Cultural hair rituals

Haircuts can signify everything from a specific spiritual practice to marriage status, depending on the culture. Hair is ceremoniously cut in rituals from birth to death, in numerous cultures around the world. A haircut can be an offering to bless the transition of an infant into the physical world; shaving one’s head is traditionally done in mourning to signify humility and the relative impermanence of such a loss. In Hindu, the ritual of Viaragya signifies the detachment or renunciation of the material world in an effort to hone the spiritual connection within.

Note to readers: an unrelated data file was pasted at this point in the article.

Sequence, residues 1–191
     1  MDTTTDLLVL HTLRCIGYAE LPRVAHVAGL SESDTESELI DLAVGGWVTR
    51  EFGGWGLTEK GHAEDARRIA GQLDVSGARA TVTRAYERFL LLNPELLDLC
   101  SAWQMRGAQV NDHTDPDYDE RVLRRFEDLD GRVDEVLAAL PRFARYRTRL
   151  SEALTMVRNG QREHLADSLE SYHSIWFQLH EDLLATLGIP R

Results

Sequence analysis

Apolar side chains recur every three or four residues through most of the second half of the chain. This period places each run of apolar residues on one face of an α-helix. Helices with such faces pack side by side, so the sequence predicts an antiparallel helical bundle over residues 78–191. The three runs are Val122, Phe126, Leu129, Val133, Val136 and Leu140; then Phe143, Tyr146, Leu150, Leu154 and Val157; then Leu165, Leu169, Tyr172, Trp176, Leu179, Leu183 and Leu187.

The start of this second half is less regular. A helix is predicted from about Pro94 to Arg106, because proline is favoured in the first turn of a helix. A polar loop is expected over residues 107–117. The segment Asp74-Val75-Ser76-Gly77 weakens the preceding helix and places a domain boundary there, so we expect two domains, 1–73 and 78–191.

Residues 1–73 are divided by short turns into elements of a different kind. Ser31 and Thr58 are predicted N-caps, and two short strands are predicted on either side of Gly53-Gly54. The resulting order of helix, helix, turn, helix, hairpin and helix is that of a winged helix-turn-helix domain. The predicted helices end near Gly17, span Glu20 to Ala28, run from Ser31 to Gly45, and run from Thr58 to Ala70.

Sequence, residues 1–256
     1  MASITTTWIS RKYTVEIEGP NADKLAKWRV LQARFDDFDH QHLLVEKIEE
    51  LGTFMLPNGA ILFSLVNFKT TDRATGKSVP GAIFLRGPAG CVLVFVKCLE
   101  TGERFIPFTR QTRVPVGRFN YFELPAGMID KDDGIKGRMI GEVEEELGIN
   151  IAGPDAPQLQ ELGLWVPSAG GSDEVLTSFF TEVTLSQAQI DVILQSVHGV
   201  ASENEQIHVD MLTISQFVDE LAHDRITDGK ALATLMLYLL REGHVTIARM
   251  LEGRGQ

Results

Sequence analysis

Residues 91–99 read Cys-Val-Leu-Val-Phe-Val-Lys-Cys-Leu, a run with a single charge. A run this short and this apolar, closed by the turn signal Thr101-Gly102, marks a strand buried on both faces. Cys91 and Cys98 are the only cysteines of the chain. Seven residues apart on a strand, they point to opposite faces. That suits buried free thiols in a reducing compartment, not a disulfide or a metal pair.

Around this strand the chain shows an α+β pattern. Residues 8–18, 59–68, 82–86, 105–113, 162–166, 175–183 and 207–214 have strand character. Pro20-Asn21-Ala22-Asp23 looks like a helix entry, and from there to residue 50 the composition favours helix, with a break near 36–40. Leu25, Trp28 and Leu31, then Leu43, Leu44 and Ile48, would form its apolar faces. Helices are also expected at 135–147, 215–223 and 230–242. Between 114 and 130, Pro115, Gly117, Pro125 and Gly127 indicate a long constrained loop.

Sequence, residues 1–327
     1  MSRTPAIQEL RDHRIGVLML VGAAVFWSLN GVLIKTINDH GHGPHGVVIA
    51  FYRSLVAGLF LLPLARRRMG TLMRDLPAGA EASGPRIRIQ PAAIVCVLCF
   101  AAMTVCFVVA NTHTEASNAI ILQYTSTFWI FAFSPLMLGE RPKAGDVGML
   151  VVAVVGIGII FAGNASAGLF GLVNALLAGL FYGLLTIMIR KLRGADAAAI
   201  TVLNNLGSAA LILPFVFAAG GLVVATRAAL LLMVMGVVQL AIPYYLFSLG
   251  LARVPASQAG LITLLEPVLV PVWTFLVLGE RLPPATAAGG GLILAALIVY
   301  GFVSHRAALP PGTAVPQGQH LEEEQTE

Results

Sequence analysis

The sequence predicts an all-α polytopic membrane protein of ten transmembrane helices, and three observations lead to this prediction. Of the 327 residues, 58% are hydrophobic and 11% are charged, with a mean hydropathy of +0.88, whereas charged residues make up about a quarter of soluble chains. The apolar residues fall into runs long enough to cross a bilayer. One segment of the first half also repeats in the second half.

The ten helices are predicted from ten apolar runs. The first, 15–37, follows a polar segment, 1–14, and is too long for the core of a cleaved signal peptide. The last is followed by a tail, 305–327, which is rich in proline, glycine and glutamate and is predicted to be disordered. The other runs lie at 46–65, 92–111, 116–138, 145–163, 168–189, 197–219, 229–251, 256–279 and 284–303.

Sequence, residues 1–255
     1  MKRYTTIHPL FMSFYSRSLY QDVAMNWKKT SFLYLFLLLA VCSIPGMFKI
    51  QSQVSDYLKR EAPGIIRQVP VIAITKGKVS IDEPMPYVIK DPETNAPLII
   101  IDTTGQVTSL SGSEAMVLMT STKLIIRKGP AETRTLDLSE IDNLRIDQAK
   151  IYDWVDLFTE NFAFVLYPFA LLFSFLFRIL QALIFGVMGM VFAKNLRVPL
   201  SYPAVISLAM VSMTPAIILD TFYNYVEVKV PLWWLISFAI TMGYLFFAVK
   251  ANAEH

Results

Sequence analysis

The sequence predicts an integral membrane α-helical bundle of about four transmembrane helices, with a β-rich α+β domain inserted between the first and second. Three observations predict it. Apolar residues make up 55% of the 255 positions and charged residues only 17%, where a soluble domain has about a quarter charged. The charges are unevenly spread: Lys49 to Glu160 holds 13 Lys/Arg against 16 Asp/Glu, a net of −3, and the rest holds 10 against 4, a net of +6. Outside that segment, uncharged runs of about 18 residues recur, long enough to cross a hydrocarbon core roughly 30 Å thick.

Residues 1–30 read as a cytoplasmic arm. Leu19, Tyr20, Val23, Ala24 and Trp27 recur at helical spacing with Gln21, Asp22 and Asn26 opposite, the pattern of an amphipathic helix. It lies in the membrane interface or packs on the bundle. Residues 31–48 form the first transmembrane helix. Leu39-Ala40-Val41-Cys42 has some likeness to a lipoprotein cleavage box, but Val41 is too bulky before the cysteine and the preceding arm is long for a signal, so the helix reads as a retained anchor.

In modern Western culture, we often cut our hair after big life changes, like a college graduation or divorce; we may not have a conscious understanding of its spiritual impact, yet we feel compelled nonetheless. In Shamanic practice, there is a ceremony called a Cutting of Cords, a release of old energies, patterns, beliefs, and connections.

Each strand of hair is a tiny chronicle of emotional, hormonal, and nutritional experience. Most people with shoulder-length hair are carrying with them the last three to six years of every sickness, setback, or traumatic incident. At the very least, an intentional clearing of that energy is beneficial; sometimes, the only ceremony that will suffice is a ritual haircut. On occasion, it takes a big external change to let Spirit know you are serious about the intention you are setting.